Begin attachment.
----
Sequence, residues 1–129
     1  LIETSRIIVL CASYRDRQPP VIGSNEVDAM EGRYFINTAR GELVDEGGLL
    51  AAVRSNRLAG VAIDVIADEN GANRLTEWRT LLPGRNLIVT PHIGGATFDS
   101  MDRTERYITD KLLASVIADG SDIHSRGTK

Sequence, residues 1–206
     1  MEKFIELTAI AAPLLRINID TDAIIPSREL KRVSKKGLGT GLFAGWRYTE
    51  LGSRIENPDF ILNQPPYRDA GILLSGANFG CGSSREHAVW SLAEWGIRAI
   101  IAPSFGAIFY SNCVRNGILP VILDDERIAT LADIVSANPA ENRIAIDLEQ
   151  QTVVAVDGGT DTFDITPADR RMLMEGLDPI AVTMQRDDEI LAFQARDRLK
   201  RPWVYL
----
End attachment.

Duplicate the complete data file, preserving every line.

Sequence, residues 1–129
     1  LIETSRIIVL CASYRDRQPP VIGSNEVDAM EGRYFINTAR GELVDEGGLL
    51  AAVRSNRLAG VAIDVIADEN GANRLTEWRT LLPGRNLIVT PHIGGATFDS
   101  MDRTERYITD KLLASVIADG SDIHSRGTK

Sequence, residues 1–206
     1  MEKFIELTAI AAPLLRINID TDAIIPSREL KRVSKKGLGT GLFAGWRYTE
    51  LGSRIENPDF ILNQPPYRDA GILLSGANFG CGSSREHAVW SLAEWGIRAI
   101  IAPSFGAIFY SNCVRNGILP VILDDERIAT LADIVSANPA ENRIAIDLEQ
   151  QTVVAVDGGT DTFDITPADR RMLMEGLDPI AVTMQRDDEI LAFQARDRLK
   201  RPWVYL